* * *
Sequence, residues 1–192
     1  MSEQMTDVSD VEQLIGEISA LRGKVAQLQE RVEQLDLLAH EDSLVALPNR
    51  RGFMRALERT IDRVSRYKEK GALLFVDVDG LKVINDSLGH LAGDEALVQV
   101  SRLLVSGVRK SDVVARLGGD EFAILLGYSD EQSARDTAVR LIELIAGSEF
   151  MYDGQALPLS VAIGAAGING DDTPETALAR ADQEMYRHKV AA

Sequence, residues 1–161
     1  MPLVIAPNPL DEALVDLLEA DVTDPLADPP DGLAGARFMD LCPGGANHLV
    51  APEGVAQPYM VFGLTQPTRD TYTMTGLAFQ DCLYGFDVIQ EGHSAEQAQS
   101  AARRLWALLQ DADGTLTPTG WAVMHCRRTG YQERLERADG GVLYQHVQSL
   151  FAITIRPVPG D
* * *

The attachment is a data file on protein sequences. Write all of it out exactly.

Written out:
Sequence, residues 1–192
     1  MSEQMTDVSD VEQLIGEISA LRGKVAQLQE RVEQLDLLAH EDSLVALPNR
    51  RGFMRALERT IDRVSRYKEK GALLFVDVDG LKVINDSLGH LAGDEALVQV
   101  SRLLVSGVRK SDVVARLGGD EFAILLGYSD EQSARDTAVR LIELIAGSEF
   151  MYDGQALPLS VAIGAAGING DDTPETALAR ADQEMYRHKV AA

Sequence, residues 1–161
     1  MPLVIAPNPL DEALVDLLEA DVTDPLADPP DGLAGARFMD LCPGGANHLV
    51  APEGVAQPYM VFGLTQPTRD TYTMTGLAFQ DCLYGFDVIQ EGHSAEQAQS
   101  AARRLWALLQ DADGTLTPTG WAVMHCRRTG YQERLERADG GVLYQHVQSL
   151  FAITIRPVPG D